Myocarditis after Covid-19 Vaccination in a Large Health Care Organization | NEJM

Health

nejm.org 06 October, 2021 - 04:01pm

Updated 7:08 PM ET, Wed October 6, 2021

Sign up here to get The Results Are In with Dr. Sanjay Gupta every Tuesday from the CNN Health team.

You can set your browser to block or alert you about these cookies, but some parts of the site will not work.

Read full article at nejm.org

Jamie Lee Curtis reveals why she spent years doing those Activia commercials

Observer 07 October, 2021 - 11:29am

How to watch our special Steals & Deals: Throwback Edition

Curtis, 62, opened up during a recent appearance on "The Kingcast" podcast hosted by Scott Wampler.

"Do you understand how … cool you are? Like, do you know that?" Wampler asked. "Do you ever think about the movies you’ve made … you have done the coolest s--- with the coolest people."

The "Halloween Kills" actor explained that she’s grateful "beyond measure" for her career, which has spanned more than four decades. But Curtis said she struggled with being away from her husband, screenwriter Christopher Guest, and their daughters Ruby, 25, and Annie, 24.

"It’s the reason that I sold yogurt that makes you s--- for seven years," Curtis revealed. "Part of the reason why I’ve done commercials … I’ve been doing commercials for a very, very, very long time partially so I can ameliorate all of that distance from my family. It allowed me to earn money and stay home."

Curtis noted that the time she spent away from her family when she was on a movie sets "really took a toll" on her emotionally.

"I was trying to reconcile at all of those times, 'How do you do this?'" Curtis said. "How do you be a mom, how do you be a wife, how do you have a career, how do you have to go away from home, how do you do it?"

While filming the 1988 comedy "A Fish Call Wanda," Curtis recalled "crying on the way to work and the way back from work." At the time, her children were babies and it was long before FaceTime and Skype.

"No matter what, I felt bad," she told Wampler.

Dannon, the company behind Activia, previously touted the product as "clinically" and "scientifically" proven to regulate digestion and boost immune systems. In 2009, the Federal Trade Commission (FTC) challenged those claims. Dannon later created at $35 million fund to reimburse customers and made changes to the marketing of Activia products.

Rachel Paula Abrahamson is a TODAY.com contributor who writes for the parenting, health and shop verticals. She was previously a senior editor at Us Weekly. Her bylines have appeared in The New York Times, Good Housekeeping, Redbook, and elsewhere. Rachel lives in the Boston area with her husband and their two young daughters.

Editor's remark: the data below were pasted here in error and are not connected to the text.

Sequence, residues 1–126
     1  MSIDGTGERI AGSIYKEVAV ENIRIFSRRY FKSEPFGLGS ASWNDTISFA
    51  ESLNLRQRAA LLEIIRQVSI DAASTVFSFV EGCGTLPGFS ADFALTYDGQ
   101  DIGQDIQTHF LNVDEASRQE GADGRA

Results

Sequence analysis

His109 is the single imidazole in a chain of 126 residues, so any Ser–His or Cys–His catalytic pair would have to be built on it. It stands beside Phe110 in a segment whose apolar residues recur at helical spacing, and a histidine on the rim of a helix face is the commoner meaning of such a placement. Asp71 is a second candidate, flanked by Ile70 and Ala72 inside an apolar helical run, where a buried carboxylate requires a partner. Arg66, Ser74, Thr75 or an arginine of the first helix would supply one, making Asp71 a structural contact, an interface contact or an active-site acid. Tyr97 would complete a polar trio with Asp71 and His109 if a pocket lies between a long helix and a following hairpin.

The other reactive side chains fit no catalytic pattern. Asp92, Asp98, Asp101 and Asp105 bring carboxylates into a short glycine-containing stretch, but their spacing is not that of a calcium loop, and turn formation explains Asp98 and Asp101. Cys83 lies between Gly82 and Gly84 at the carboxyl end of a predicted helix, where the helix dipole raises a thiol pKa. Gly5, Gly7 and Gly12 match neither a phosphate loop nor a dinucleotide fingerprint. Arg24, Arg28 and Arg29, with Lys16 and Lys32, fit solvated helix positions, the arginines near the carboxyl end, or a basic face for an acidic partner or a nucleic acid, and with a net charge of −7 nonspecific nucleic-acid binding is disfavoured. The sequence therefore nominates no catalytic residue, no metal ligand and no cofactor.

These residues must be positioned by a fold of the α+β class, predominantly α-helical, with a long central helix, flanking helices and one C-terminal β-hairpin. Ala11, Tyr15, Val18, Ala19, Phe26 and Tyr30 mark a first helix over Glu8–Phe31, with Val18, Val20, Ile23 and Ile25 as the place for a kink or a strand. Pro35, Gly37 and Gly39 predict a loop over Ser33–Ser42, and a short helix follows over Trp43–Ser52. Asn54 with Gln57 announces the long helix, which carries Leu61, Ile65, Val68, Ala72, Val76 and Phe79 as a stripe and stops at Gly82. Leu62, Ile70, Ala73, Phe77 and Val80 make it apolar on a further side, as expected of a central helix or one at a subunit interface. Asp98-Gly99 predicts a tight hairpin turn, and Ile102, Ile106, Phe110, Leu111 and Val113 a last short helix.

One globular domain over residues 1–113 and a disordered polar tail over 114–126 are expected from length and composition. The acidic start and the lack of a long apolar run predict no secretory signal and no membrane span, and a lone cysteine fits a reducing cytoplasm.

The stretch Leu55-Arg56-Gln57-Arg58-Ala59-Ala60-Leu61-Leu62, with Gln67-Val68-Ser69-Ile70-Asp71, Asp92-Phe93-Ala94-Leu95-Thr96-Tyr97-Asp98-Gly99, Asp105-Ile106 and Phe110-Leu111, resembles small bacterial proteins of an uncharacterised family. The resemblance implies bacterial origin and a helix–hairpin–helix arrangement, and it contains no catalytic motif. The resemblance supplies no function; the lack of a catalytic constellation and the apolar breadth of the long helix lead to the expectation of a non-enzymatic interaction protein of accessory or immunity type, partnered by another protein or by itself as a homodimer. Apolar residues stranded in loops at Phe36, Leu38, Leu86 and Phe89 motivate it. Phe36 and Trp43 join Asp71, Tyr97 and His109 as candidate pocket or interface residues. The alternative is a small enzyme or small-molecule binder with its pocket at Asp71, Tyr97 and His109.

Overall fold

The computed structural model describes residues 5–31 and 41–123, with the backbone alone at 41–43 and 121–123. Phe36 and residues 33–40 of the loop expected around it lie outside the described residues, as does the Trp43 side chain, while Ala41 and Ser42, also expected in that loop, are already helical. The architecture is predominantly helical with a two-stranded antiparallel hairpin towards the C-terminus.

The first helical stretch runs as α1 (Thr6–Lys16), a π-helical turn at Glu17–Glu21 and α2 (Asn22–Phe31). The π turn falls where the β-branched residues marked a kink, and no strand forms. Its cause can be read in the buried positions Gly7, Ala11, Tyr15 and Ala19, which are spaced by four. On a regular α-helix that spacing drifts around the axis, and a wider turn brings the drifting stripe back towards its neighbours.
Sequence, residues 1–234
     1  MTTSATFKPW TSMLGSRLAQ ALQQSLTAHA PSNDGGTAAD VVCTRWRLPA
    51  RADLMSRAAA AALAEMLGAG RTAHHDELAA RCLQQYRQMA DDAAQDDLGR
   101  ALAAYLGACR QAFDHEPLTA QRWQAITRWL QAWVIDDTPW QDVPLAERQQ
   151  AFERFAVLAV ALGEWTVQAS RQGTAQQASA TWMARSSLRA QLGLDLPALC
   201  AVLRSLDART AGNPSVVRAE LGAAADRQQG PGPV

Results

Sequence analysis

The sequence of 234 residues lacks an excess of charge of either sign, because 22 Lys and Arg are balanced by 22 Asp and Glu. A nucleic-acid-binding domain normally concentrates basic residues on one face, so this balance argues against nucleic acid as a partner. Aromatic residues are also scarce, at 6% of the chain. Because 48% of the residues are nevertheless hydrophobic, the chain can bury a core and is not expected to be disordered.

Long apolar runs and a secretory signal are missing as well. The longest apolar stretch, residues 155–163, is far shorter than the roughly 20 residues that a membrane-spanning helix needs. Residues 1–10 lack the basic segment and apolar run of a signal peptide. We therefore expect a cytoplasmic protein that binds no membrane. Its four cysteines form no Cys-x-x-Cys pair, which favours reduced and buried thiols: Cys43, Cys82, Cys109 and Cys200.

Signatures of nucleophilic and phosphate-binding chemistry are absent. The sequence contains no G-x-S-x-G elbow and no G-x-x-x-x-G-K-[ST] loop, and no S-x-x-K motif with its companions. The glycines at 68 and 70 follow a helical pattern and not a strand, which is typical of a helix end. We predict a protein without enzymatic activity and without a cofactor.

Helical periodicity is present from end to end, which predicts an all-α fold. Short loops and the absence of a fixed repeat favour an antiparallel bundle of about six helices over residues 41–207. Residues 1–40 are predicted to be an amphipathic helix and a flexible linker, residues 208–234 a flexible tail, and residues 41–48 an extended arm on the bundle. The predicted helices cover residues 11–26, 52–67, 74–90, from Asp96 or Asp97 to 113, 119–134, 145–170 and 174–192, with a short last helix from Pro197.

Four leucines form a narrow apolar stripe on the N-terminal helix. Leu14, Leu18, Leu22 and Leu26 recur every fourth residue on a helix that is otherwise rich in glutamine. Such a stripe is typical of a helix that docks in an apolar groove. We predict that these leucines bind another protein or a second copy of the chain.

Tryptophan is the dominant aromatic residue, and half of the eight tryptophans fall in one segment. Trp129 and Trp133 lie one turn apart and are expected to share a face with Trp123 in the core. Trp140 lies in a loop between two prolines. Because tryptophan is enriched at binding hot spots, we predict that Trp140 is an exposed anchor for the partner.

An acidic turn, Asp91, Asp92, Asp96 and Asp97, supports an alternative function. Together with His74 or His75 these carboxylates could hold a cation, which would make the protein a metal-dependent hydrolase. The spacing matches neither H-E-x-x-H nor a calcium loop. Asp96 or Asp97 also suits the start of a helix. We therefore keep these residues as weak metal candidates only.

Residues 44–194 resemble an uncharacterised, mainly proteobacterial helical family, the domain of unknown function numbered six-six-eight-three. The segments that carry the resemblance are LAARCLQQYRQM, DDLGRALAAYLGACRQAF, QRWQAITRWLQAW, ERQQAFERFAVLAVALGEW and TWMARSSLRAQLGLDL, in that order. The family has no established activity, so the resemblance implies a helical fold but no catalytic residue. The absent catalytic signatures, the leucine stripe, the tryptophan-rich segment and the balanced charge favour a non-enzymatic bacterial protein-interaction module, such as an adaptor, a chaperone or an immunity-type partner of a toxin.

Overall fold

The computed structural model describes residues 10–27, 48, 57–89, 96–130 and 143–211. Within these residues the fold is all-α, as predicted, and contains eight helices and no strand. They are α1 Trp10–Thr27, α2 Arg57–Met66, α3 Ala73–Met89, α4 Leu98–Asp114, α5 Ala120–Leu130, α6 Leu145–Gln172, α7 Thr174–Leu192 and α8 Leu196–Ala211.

Jamie Lee Curtis, 62, Says Plastic Surgery Is ‘Wiping Out Generations of Beauty’

MedPage Today 07 October, 2021 - 09:57am

“Once you mess with your face, you can’t get it back.”

No matter the topic, Jamie Lee Curtis has always spoken her mind—and her latest comments are taking unrealistic beauty standards to task.

In a new interview with Fast Company, Curtis, 62, spoke out against plastic surgery and trendy cosmetic procedures: “The current trend of fillers and procedures, and this obsession with filtering, and the things that we do to adjust our appearance on Zoom are wiping out generations of beauty,” the Knives Out actress said. “Once you mess with your face, you can’t get it back.”

Curtis speaks from experience; she’s long been open about the fact that she’s dabbled with many different types of procedures. “I’ve had a little lipo. I’ve had a little Botox. And you know what? None of it works. None of it,” she told More in 2002. “It’s such a fraud. And I’m the one perpetuating it.”

In the two decades since the More interview, Curtis hasn’t changed her tune. “I tried plastic surgery and it didn’t work,” she continued in the Fast Company piece. She also mentioned that the procedures “got me addicted to Vicodin,” a fact she’s addressed in the past.

Curtis told Variety in 2019 that a cameraman’s comments about her “puffy eyes” led her to seek plastic surgery in her twenties, which kicked off a 10-year addiction to painkillers. She’s now over 20 years sober.

We definitely see you, Jamie!

Health Stories

JCPenney